What Comes to Mind
AbstractWe present a model of intuitive inference, called "local thinking," in which an agent combines data received from the external world with information retrieved from memory to evaluate a hypothesis. In this model, selected and limited recall of information follows a version of the representativeness heuristic. The model can account for some of the evidence on judgment biases, including conjunction and disjunction fallacies, but also for several anomalies related to demand for insurance. (c) 2010 by the President and Fellows of Harvard College and the Massachusetts Institute of Technology..
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Bibliographic InfoArticle provided by MIT Press in its journal Quarterly Journal of Economics.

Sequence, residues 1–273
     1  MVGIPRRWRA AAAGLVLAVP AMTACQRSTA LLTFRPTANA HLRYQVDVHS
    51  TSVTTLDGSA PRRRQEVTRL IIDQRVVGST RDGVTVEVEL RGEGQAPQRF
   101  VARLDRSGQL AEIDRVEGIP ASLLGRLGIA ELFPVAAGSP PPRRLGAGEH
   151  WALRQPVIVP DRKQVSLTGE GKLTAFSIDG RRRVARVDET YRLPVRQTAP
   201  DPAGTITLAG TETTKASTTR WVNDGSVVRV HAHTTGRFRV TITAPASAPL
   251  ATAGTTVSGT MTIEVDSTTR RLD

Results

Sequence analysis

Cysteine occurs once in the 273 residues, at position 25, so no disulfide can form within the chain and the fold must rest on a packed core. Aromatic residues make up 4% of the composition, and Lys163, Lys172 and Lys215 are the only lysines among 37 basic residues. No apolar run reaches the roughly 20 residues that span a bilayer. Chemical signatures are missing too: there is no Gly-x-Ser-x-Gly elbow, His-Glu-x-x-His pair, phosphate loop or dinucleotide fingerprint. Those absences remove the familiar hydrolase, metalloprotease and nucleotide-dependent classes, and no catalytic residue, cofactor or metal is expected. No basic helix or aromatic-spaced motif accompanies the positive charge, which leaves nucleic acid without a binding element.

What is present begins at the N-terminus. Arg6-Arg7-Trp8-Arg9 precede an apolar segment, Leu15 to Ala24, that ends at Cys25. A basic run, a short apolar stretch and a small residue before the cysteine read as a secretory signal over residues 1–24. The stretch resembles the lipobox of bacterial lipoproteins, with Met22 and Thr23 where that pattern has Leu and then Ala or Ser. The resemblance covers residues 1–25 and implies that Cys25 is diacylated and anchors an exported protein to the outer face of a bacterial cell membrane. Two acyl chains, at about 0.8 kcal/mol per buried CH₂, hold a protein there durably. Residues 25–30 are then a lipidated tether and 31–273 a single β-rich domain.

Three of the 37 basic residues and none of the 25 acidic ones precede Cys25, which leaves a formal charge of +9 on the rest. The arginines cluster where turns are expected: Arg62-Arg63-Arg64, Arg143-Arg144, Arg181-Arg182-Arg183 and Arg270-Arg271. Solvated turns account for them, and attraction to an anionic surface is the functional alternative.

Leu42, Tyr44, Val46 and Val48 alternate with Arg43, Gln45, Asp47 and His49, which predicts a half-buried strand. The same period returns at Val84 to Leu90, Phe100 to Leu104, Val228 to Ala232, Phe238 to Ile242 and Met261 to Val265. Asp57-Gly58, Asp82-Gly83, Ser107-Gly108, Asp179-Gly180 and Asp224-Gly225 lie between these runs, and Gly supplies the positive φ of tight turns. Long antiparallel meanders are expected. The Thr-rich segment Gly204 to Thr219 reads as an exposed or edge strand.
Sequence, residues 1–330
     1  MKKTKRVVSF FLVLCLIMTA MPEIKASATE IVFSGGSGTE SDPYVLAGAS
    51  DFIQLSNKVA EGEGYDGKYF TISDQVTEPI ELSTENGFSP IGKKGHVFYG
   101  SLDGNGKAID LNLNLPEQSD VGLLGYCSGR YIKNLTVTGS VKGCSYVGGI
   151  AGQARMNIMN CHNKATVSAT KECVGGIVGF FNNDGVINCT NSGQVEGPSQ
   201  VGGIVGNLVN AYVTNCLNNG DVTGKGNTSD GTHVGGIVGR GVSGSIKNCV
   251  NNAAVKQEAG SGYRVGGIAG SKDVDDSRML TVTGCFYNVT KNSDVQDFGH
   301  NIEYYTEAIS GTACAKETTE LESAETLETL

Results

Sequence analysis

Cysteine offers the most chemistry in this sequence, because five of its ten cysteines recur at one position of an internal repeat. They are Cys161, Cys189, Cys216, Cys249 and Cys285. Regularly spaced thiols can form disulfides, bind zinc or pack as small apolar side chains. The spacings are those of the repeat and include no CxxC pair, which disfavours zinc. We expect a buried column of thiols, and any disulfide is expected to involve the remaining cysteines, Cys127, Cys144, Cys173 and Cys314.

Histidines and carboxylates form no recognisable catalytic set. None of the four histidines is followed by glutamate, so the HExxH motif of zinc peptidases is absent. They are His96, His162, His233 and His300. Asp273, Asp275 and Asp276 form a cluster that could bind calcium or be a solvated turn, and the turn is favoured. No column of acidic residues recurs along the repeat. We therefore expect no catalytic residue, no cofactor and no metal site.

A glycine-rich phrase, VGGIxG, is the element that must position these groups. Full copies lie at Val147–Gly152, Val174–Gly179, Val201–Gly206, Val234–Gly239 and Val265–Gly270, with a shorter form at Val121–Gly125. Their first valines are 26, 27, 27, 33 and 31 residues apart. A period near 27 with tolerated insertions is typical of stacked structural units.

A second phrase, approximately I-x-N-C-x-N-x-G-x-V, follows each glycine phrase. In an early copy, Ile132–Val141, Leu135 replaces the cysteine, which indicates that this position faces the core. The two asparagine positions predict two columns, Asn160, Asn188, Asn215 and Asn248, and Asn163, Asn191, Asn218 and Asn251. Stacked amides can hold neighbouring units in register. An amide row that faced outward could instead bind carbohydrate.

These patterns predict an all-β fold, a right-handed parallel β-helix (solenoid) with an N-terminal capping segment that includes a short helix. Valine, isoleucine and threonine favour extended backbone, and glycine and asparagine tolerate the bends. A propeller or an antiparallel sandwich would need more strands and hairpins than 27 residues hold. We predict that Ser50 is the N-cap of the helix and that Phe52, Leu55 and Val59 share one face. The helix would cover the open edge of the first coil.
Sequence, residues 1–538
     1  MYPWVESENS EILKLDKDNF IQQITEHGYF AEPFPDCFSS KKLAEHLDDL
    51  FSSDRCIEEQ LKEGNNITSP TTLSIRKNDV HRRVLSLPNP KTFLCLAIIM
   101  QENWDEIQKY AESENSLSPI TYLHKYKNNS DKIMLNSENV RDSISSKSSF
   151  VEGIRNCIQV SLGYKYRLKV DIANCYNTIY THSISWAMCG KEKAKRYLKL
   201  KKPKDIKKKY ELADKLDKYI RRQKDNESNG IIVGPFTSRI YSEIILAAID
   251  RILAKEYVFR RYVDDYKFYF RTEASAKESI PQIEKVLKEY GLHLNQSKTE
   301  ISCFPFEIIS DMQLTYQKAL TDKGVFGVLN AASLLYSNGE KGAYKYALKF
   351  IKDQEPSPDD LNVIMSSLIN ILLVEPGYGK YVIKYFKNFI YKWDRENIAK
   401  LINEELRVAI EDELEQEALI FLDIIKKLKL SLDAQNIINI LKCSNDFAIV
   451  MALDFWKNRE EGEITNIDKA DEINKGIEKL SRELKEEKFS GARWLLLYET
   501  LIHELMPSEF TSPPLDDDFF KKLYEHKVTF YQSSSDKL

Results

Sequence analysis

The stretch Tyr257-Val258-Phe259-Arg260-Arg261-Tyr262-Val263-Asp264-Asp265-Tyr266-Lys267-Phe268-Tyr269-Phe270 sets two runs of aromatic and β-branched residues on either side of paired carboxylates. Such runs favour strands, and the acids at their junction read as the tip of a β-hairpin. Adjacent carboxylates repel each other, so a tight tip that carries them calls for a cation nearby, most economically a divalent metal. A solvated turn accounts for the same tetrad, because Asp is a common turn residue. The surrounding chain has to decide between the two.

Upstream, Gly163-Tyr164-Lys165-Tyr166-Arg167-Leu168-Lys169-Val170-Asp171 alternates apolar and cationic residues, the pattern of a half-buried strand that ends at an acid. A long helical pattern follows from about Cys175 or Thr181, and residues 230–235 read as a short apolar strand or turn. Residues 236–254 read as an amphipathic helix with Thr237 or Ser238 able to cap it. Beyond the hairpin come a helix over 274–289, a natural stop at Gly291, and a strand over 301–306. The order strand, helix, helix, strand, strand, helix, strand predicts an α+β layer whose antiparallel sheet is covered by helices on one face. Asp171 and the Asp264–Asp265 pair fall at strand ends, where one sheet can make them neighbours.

Volume (Year): 125 (2010)
Issue (Month): 4 (November)
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Web page: http://mitpress.mit.edu/journals/
Other versions of this item:
- Nicola Gennaioli & Andrei Shleifer, 2009. "What Comes to Mind," NBER Working Papers 15084, National Bureau of Economic Research, Inc.
- Nicola Gennaioli & Andrei Shleifer, 2009. "What comes to mind," Economics Working Papers 1186, Department of Economics and Business, Universitat Pompeu Fabra, revised Nov 2009.
- D03 - Microeconomics - - General - - - Behavioral Economics; Underlying Principles
- D81 - Microeconomics - - Information, Knowledge, and Uncertainty - - - Criteria for Decision-Making under Risk and Uncertainty
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